Retired solicitor DAVID WHITE has been investigating a strange ambivalence towards upholding the law shown by the local MP and the Mayor of London
Just before the London Mayoral elections in May this year, I received two emails from Boris Johnson urging me to vote for him.
Nothing very startling about that, you might think, apart from the fact that I have been a member of the Labour party for more than 40 years. So I was probably not the most obvious person to approach to persuade or encourage to vote for a Conservative candidate as the Mayor of London.
It set me wondering how Boris had obtained my private email address. I had never given it to Boris or to the Tory party, nor authorised them to email me political literature.
When I recounted what had happened on Twitter, it was soon apparent that I was not the only one to have received unsolicited political party propaganda via email. And the one thing we all had in common is that we all lived in Croydon Central constituency and had emailed Gavin Barwell, in his capacity as MP.
Importantly, though, none of us had authorised our email addresses to be passed on to anyone. I, for one, had been reassured by the specific statement by Barwell on his website, where he stated that anyone signing up for his regular constituency email bulletin would not have their personal information passed on to any third parties.
I was aware that, under the Data Protection Act, MPs and others who hold personal information have to be registered with the Information Commissioner’s Office, and that it is illegal for them to pass on data to third parties unless this is specifically authorised.
So we asked Gavin Barwell to explain what had happened. Initially, Barwell claimed, apparently in all seriousness, that it must have been the Labour party who had passed on the email addresses to Boris Johnson.
On May 2, I was at a meeting in Park Hill which our local MP was attending. So I spoke to Barwell about this matter, and he asked me to forward the Boris emails to him and promised to look into the matter.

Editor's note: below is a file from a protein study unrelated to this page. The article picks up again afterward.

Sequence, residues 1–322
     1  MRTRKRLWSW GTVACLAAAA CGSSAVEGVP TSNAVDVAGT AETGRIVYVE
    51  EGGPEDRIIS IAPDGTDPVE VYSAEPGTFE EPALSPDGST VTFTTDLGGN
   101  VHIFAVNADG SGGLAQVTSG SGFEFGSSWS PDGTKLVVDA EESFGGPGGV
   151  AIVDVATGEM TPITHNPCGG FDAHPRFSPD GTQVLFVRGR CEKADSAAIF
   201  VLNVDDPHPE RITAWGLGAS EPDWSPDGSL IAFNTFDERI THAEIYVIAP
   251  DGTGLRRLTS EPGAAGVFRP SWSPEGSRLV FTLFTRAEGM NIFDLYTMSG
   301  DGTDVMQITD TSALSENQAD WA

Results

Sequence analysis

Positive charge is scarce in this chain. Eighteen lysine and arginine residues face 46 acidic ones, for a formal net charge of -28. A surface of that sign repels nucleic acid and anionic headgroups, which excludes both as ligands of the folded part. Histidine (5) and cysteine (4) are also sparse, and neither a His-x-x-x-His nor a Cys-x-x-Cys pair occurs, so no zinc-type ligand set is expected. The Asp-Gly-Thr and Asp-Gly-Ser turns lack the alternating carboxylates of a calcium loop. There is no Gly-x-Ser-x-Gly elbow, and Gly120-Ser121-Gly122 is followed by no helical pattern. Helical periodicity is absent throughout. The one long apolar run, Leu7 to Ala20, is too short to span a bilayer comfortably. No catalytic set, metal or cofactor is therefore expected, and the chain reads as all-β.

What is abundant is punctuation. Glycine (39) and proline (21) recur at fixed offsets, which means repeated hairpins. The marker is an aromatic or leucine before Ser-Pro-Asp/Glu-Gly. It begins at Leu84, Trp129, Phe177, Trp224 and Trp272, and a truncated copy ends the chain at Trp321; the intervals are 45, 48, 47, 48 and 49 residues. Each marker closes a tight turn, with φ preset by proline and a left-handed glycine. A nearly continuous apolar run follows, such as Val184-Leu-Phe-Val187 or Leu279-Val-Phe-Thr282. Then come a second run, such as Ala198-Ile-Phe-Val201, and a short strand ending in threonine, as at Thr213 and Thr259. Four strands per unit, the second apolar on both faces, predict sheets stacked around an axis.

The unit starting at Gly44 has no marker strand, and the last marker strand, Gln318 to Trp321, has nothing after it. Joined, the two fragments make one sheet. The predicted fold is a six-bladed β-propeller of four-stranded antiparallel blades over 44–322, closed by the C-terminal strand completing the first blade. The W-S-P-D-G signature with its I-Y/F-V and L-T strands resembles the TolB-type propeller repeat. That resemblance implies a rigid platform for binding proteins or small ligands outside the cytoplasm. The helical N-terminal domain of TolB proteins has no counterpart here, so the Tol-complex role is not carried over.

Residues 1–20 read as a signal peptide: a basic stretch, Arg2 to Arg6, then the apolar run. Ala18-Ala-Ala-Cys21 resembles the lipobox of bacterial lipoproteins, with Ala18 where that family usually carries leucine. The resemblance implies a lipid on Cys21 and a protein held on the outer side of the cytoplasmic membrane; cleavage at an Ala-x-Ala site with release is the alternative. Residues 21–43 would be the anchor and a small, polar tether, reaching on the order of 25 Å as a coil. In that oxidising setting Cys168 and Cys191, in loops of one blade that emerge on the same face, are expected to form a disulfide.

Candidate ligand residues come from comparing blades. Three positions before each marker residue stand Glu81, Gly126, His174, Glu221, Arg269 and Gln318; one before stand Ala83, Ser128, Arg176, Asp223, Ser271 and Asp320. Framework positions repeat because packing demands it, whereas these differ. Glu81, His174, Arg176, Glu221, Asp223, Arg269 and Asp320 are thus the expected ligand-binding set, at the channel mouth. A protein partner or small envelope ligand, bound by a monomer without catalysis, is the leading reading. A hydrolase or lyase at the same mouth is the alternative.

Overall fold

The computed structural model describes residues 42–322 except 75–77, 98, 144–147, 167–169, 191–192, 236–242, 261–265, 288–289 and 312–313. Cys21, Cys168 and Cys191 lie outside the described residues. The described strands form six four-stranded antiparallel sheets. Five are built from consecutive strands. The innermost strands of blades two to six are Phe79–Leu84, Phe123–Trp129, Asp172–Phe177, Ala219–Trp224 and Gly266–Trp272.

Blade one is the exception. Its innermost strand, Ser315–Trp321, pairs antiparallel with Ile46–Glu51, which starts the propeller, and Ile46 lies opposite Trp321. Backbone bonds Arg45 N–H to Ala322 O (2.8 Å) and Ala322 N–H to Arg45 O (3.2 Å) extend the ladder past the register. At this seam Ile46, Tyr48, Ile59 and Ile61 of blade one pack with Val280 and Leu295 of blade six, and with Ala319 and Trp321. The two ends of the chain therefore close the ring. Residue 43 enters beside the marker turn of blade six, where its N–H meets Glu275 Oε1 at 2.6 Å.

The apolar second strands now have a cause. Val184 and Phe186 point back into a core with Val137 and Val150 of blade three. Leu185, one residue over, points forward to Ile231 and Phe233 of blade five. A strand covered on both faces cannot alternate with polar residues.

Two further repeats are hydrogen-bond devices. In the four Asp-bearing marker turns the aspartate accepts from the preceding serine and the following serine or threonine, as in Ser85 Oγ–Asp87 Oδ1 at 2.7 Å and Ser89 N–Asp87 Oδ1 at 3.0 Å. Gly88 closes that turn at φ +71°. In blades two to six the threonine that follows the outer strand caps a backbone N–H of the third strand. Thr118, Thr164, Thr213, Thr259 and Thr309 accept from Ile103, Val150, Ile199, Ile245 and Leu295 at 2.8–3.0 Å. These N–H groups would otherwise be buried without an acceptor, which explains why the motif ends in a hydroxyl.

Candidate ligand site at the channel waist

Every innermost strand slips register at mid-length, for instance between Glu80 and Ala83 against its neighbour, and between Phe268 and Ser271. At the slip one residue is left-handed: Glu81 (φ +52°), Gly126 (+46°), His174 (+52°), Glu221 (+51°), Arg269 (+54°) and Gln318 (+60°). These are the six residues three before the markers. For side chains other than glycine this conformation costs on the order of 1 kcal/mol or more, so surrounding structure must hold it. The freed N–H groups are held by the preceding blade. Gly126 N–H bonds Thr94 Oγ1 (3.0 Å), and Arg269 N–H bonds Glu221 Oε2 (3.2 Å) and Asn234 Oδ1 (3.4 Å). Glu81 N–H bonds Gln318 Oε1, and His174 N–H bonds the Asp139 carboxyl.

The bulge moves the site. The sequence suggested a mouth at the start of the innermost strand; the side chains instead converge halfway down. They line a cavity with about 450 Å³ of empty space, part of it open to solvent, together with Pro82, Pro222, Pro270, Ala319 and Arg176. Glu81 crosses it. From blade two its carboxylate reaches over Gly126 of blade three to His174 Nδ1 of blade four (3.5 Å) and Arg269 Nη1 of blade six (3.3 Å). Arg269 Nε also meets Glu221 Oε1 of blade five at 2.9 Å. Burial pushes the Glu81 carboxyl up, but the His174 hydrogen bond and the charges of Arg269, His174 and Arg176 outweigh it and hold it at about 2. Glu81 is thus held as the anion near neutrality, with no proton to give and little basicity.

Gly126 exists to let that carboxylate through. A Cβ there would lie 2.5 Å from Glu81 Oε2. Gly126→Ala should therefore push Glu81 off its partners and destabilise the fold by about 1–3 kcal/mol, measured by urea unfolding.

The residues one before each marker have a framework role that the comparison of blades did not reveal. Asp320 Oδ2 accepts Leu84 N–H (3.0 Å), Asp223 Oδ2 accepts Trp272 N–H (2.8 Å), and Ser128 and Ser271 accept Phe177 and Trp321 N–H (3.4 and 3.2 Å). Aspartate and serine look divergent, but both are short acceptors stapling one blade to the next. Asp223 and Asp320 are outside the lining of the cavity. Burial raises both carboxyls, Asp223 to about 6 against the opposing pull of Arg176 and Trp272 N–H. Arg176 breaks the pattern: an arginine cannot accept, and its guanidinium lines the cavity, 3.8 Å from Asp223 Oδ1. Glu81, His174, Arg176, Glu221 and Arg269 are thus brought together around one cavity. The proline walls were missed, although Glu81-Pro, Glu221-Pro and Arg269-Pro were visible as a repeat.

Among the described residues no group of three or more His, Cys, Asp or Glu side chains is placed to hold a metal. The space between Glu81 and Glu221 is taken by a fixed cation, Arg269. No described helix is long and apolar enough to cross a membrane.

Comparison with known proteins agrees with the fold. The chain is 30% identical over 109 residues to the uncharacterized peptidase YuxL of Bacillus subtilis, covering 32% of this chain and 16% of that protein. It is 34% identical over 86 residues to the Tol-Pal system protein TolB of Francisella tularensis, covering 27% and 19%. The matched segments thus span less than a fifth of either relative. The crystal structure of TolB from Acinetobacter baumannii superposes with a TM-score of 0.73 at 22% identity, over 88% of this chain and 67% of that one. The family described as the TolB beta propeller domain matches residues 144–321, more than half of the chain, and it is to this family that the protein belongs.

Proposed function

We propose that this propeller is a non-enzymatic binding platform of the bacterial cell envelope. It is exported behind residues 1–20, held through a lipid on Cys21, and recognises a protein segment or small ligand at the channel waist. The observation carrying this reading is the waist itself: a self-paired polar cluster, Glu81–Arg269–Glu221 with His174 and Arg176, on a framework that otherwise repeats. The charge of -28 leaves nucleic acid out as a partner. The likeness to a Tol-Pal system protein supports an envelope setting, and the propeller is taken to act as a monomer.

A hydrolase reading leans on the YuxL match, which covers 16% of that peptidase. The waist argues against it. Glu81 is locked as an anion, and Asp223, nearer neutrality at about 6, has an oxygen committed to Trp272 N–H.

After about four weeks, I had heard nothing from Barwell. So I emailed him. No reply.
On June 26, I sent him a Direct Message on Twitter. Again no reply.
I wrote to the ICO. They said they needed more evidence that confidential information had been passed on by Barwell and suggested that I put in a “subject access request” to Boris Johnson and/or the Conservative party, asking what information they held about me and how they had got hold of my email address.
When I did this, I received a letter from Simon Day, the finance and compliance director of the Conservative party, demanding a £10 fee before they would even give me the courtesy of a reply. Although this is not illegal, it seemed to me outrageous that they should make a charge for supplying my own information. Nevertheless I was determined to see this through, so I sent a cheque for £10.
The Conservative party then delayed for the maximum time permitted by law. After 40 days, they wrote: “Your email address was entered onto the ERM (Electoral Relationship Management) system by a user at the Croydon Conservative Federation on 19 January 2012. They are unable to clarify where your email address was obtained from”.
I have now collected statements from some of the other Croydon Central residents whose email addresses have been misused, and I have sent all the evidence to the ICO. I believe the evidence shows there is no possible source for the information other than Gavin Barwell MP, or someone working for him.
Gavin Barwell has already fallen foul of the Data Protection Act on at least two occasions, including the recent case where it was revealed that he failed to register as a data controller for more than two years after being elected to Westminster. Although he had broken the law, he escaped a fine.
To adapt the words of Lady Bracknell, one brush with the Data Protection Act might seem to be a misfortune, but three times looks like carelessness.
Shouldn’t the Conservatives, Boris Johnson and Gavin Barwell, as a party of government, as the Mayor of London or as a local MP, be more respectful of data protection legislation?
And if things go wrong, shouldn’t they be prepared to apologise promptly and investigate properly, rather than putting every possible obstacle in the way of those whose information they have misused?
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